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Halston makes the deal that he will relieve Joel’s stress as long as he no longer participates in drugs, to which Joel agrees. Halston’s first success comes from a psychedelic, groovy fabric print Joel made from his kitchen. “One socialite to change everything. If I can get my designs on the one right person, I can get them on every woman in America,” Halston says. And with that line of dialogue, he meets Babe Paley (Regina Schneider), who will change his world with the events in episode two.
Throughout the series and coming from Indiana, I saw that Halston was nothing similar to his roots, and Ed pointed this out as he says, “You’re from Indiana. It’s like you’re imitating somebody.” Halston’s accent is nothing of the midwest nor his style, with his slicked-back hair, black outfit, and shades to match. The series drops handfuls of high-fashion names such as Ralph Lauren, formerly known as Ralph Lifshitz, before changing his last name. Balenciaga, whom Halston refers to quite often as the leading competitor he is battling against. Coco Chanel, Givenchy, Dior, and many more luxurious fashion brands.
Episode Two: Versailles
Episode Description: “Halston considers a fateful business deal and meets a charismatic escort while struggling with old insecurities ahead of a historic fashion show.”
With women in America wearing Halston’s dresses on the streets, Halston quickly climbs up on the industry chain. This entire episode focuses on the life change that came from his incredible success with the historic fashion show called Battle of Versailles. Halston gets Liza to perform at the show to which she enthusiastically agrees as she would do anything he ever needed. With Halston’s promiscuous relationship with male lovers, he is introduced to drugs, but nowhere near the severity, he will reach in later episodes.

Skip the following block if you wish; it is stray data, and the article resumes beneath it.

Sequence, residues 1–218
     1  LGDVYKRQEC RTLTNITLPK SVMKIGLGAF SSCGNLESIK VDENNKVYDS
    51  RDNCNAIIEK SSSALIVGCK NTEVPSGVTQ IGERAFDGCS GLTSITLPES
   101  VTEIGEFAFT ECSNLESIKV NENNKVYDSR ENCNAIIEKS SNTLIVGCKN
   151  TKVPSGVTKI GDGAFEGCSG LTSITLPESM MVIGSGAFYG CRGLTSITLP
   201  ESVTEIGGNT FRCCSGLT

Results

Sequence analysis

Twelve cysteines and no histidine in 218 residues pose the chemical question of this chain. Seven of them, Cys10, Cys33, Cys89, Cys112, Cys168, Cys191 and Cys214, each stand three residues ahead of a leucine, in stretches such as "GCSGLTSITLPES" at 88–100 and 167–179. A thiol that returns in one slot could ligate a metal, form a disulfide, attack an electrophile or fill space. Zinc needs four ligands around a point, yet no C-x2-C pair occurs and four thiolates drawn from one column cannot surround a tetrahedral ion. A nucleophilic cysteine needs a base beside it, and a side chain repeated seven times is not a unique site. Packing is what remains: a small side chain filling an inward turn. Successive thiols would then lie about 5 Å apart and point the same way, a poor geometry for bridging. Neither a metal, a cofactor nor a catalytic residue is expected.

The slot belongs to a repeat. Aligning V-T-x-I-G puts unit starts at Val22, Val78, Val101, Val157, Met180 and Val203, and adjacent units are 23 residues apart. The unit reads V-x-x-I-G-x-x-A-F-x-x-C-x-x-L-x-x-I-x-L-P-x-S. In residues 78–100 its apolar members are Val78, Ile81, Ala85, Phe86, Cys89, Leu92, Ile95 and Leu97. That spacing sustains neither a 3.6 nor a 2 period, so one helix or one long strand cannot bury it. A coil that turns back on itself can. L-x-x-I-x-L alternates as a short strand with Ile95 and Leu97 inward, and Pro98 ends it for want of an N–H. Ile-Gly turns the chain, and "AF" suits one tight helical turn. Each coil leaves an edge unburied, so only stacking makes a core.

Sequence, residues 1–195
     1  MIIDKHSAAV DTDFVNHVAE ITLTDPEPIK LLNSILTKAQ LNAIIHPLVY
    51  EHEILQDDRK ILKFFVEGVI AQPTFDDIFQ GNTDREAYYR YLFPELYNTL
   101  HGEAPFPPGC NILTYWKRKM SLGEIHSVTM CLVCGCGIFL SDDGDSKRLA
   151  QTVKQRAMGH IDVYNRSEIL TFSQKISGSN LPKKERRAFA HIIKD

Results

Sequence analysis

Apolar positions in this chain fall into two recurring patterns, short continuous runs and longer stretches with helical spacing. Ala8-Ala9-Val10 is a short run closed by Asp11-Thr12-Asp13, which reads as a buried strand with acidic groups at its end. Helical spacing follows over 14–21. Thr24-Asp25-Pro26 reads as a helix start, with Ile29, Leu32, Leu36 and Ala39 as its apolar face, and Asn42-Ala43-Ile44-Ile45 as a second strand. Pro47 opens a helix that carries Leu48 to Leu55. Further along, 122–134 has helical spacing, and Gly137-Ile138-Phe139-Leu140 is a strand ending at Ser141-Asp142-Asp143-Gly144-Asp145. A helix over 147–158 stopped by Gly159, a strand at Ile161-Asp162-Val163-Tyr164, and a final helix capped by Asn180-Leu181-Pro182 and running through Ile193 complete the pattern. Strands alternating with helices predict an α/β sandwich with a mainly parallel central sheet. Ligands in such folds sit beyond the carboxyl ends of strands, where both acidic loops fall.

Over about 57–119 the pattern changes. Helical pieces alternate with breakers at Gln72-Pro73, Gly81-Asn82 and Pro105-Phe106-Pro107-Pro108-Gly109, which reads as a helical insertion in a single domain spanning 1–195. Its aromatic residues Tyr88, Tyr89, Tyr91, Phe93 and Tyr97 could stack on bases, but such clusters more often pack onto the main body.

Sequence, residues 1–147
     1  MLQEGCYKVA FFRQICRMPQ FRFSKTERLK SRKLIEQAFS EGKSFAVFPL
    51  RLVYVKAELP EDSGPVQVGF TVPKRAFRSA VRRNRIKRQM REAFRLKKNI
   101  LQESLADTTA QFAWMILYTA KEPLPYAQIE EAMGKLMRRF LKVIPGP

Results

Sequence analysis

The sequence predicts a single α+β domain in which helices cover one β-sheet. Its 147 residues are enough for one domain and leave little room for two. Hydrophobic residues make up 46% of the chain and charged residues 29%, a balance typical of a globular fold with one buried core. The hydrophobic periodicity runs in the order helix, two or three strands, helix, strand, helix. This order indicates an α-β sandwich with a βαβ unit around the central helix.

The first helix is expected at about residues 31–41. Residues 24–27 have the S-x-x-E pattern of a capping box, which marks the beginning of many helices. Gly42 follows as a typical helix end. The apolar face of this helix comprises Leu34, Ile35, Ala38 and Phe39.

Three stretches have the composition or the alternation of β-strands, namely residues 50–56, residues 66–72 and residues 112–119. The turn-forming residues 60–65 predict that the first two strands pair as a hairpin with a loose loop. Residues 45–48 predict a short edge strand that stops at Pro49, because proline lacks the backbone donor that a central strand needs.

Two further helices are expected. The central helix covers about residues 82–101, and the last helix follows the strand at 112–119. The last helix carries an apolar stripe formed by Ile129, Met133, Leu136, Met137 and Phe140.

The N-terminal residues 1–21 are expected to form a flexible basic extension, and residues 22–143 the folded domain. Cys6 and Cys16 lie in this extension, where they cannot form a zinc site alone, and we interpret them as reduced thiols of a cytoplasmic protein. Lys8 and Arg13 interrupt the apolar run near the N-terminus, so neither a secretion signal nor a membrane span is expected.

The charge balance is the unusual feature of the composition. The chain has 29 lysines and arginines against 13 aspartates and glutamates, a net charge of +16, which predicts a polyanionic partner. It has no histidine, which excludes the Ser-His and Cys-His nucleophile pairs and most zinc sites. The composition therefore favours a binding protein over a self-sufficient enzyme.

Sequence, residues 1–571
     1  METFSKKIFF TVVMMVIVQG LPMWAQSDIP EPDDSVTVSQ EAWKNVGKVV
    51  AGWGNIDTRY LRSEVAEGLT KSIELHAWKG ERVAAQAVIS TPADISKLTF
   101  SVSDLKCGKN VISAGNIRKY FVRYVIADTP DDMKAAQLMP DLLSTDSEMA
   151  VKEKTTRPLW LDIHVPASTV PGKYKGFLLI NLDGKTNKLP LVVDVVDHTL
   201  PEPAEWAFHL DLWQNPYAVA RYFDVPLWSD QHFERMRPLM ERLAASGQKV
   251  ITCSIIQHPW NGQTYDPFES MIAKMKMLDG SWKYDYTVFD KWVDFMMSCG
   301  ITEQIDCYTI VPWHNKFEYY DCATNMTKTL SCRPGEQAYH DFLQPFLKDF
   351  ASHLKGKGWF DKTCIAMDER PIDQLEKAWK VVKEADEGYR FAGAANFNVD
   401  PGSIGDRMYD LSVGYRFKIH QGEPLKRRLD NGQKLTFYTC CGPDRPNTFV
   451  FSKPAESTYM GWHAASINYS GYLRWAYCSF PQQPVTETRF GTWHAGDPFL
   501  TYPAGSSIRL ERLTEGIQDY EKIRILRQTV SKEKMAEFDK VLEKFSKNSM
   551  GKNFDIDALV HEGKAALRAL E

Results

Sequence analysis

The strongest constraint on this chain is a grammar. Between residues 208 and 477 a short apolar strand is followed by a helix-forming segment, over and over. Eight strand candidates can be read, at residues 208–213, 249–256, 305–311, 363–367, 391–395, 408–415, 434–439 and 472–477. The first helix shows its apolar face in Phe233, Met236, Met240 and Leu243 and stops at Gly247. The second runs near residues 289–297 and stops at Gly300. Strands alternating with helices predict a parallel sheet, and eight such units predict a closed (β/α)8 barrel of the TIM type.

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Halston and his team are put in the crummiest room at the fashion show compared to the other designers. The show even tries to ruin his debut by switching his spots in the line-up, messing with his original plan with Liza. It’s blatantly obvious that all of the other designers are out for Halston’s blood and do not want him at the fashion show. “Yves Saint Laurent, you know what that bitch says about you?”
With all of the odds stacked against him, Liza throws some sense into the man who empowers him to create an entire collection at the speed of light. With glitter and elegant, flowing lines of silk, the whole audience and the world are in awe of his creations. This collection, in particular, is the single event that changed Halston’s life forever, but with success comes the ultimate failure. Halston ends up selling his trademark and, more specifically, his name to David Mahoney (Bill Pullman). The selling of his name will be the downfall of Halston’s legacy for the rest of his life.
Only in the second episode, Ewan McGregor is showing himself to be incredibly witty, intelligent, and an overall loveable man. The fashion and glamour throughout this episode, in particular, is bone-chillingly stunning as lines of fabric fill the screen.
Episode Three: The Sweet Smell of Success
Episode Description: “Creating a new perfume turns into a fraught and emotional venture for Halston, whose love life grows increasingly entangled with his expanding empire.”
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Compared to other episodes, this one, mainly, felt lacking as its primary focus was on Halston’s fragrance creation and success. In the beginning, Liza gets married, which disappoints Halston a bit as he feels he is losing his best friend. David Mahoney wants Halston to think about putting merchandise in department stores, to which he becomes exceptionally distasteful against. The creation of his perfume brings out many past emotions from his childhood as he works alongside perfume and scent genius Adele (Vera Farmiga), who only makes an appearance in this episode alone. With some connections to his past with soap, tobacco, and his love for Orchids, the perfume becomes a raging success with its underlying musk scent that most female fragrances had not had until that point.